By Troy Headrick
In “What I’ve Learned about Life while Watching My Father Age,” a blog I wrote several weeks ago, I mentioned that I’d been reading On Death and Dying, a wonderfully insightful book written by Elisabeth Kϋbler-Ross. Throughout that tome, the author argues that doctors need to take a more “human” approach while treating dying patients. She also points out that the field of medicine stresses the technical aspects of doctoring while underemphasizing the human component. In “Attitudes toward Death and Dying,” one of the earliest chapters in the book, Kϋbler-Ross makes this perfectly clear when she writes “If we could teach our [medical] students the value of science and technology with the art and science of inter-human relationships, of human and total patient-care, it would be real progress.” In other words, she thinks that doctors and other healthcare providers are better at thinking of sick people as patients than they are at remembering that the ill are human beings.
The above quote is terribly apropos to the argument I’m going to make here. One of the things I’ve noticed since returning to America to work after a long absence, is that many Americans are very good at what Kϋbler-Ross would call the “technical” aspects of work and less adroit at the “human element.” American workers, especially those at the managerial level, prize, above all else in the workplace, something called “professionalism.” In fact, it could be argued that professionalism is the characteristic most closely associated with the “perfect employee.” I’m not saying that Americans are, by nature, less human in their approach. It’s the culture of the workplace in America that inculcates this value in those who work.
Don’t misunderstand me. Professionalism is certainly needed in the workplace. All competent and conscientious workers, whether they wear blue collars or white, need to understand that there are workplace procedures and standards and that they have to be followed and lived up to. But professionalism is not all that’s needed. I feel that the drive to turn all American employees into “professionals” has created an unfortunate byproduct. The workplace has become less human and humane as a result. Thus, in this blog, I’d like to assert that being a good worker doesn’t just mean one is a good “professional,” a term that feels cold, in my opinion. Being a good worker also means that one should be willing to be a touch “unprofessional” too, as a way of infusing a little warmth into places of work.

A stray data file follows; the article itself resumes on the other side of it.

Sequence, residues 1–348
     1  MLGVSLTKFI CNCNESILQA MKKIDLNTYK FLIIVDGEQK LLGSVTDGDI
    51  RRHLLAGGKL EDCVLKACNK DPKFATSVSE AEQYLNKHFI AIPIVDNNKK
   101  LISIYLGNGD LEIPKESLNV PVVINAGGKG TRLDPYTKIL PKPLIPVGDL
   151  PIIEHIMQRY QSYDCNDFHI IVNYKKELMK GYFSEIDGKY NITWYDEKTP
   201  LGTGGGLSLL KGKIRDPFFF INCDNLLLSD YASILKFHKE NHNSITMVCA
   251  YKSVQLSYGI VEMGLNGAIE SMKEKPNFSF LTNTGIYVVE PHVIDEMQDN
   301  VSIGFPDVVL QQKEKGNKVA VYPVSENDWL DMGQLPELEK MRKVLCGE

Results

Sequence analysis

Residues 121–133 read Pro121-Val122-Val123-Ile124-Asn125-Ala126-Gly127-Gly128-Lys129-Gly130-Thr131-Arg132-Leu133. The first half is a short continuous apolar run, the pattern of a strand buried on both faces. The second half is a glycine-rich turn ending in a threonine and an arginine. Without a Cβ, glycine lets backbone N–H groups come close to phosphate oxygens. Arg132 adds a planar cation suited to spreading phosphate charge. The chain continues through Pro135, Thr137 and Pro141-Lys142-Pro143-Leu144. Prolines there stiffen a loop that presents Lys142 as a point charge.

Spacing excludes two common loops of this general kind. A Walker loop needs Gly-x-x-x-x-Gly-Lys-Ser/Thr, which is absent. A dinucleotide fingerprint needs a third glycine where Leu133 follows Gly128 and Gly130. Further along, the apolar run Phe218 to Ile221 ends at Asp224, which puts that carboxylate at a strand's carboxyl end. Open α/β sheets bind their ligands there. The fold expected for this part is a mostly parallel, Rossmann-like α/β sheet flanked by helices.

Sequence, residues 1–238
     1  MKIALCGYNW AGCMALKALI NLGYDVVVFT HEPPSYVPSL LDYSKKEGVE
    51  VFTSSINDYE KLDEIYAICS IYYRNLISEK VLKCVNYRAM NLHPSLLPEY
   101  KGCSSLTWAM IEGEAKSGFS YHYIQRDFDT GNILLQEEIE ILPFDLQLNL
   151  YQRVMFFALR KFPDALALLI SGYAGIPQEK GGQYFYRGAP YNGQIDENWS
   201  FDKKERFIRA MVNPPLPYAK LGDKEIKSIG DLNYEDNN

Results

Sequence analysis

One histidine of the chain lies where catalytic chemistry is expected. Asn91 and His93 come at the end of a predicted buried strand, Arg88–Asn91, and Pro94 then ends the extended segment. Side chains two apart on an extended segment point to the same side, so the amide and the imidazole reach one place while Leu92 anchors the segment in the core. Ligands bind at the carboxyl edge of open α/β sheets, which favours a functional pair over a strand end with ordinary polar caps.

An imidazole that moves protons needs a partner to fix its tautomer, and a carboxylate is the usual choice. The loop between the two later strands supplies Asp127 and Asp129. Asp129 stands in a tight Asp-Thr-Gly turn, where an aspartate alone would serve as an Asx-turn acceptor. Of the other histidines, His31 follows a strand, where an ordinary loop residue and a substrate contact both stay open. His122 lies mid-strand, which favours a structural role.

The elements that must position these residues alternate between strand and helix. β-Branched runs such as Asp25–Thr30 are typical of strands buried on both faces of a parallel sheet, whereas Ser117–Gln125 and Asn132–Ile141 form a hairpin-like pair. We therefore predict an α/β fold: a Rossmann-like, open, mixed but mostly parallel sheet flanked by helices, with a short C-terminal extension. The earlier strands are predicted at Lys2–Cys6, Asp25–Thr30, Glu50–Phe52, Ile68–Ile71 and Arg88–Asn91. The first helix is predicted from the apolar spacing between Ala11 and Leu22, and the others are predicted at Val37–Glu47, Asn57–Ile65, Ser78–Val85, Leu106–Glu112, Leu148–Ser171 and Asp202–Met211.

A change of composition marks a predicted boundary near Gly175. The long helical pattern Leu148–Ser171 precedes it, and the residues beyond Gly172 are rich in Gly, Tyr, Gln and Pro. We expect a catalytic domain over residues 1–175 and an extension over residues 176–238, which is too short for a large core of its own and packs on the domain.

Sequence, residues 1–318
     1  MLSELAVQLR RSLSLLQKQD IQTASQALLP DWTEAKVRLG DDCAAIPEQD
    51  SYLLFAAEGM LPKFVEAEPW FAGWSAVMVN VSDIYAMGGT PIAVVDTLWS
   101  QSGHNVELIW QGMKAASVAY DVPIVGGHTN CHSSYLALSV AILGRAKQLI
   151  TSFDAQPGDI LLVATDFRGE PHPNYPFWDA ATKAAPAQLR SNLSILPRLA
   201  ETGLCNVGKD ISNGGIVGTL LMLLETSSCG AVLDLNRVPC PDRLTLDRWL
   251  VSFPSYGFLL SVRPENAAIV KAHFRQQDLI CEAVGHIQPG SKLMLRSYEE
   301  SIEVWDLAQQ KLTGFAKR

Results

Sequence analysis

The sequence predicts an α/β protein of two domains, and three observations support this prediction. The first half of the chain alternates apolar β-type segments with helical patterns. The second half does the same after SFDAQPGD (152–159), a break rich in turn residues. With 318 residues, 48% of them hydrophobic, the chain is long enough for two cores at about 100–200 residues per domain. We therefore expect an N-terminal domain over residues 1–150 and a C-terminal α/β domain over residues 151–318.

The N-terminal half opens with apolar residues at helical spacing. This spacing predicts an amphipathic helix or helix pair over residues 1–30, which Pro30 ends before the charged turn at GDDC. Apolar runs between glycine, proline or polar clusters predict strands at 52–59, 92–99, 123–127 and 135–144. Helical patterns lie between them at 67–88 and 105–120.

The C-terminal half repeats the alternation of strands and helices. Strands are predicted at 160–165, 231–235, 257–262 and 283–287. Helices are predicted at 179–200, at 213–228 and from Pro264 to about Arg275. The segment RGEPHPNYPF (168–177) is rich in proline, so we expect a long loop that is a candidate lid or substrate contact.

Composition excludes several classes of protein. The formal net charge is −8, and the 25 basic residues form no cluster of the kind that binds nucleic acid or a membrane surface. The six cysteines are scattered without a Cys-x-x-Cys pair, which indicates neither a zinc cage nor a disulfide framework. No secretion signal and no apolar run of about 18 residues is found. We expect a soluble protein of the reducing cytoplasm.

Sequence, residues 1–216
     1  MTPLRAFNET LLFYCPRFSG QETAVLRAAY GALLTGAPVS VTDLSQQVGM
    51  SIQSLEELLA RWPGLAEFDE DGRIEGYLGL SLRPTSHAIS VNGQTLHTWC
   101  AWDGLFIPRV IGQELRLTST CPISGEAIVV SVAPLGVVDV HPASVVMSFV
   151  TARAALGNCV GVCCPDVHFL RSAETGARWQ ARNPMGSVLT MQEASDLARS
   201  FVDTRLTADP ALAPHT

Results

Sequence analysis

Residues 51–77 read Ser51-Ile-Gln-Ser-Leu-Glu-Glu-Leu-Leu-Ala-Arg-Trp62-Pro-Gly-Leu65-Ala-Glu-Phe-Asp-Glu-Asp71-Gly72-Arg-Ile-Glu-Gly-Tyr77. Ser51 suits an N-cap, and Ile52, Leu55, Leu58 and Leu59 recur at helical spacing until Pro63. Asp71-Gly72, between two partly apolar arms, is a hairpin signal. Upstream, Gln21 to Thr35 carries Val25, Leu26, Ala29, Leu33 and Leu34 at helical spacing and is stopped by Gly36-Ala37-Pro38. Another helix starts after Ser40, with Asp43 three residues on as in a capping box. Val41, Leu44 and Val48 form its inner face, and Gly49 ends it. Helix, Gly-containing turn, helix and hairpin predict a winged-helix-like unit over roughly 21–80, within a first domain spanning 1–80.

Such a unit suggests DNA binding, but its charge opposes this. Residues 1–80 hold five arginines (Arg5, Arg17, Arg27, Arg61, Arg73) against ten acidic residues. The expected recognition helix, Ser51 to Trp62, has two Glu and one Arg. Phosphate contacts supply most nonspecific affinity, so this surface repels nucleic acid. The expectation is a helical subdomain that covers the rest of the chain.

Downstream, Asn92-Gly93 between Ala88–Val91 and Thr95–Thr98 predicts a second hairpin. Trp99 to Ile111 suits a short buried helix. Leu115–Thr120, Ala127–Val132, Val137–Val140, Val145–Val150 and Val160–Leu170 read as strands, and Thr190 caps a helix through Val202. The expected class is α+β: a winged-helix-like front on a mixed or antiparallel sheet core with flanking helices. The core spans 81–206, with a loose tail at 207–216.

I feel very strongly about all this because several years ago I decided to change the way I interacted with others in the workplace. Coming up through the ranks of academia, I had noted that many university instructors prided themselves on being tough on their students and on not allowing their emotions to “interfere” with how they did their work. For years, I did the same. Then, quite a few years ago, perhaps about the time I joined the Peace Corps and went abroad for the first time, I realized that I could stop seeing the people in the classroom as students and start thinking of them, first and foremost, as human beings.
Several interesting things happened after I made this adjustment in my thinking and behavior. I felt more relaxed while teaching because I had stepped off the pedestal and was no longer the snooty and aloof intellectual. The students responded by warming up to me and by opening up more when talking about their classroom work. I shared some of my own life story with them and they started telling me about their lives. We felt comfortable enough with one another to let our respective guards down. The way we interacted was no longer awkwardly inauthentic.
Perhaps I was behaving more “unprofessionally” with them, but I was also enjoying my job more and really connecting with those people who’d put their faith in me by registering for my classes. I started seeing them as teachers too, and I told them that I was learning as much from them as I hoped they were learning from me. As a young teacher, I’d often dreaded going to the classroom, but as someone who had become more of a guide and mentor, as someone who cared about them and wanted to know who they were, I began to really cherish the interaction that took place during lessons.
If you’re feeling as if work has become a drag, maybe it’s because you need to relax and look at work as an opportunity to really connect with your co-workers at a more human level. Maybe the way you become more productive and “successful” is by focusing less on productivity and success and more on showing people who you really are. They will warm to you and respond in a similar fashion. Before you know it, you’ll see each other more as humans and less as cogs in a machine. Once this change takes place you will become wildly productive and successful without even trying.
Troy Headrick’s personal can be found at Thinker Boy: Blog & Art.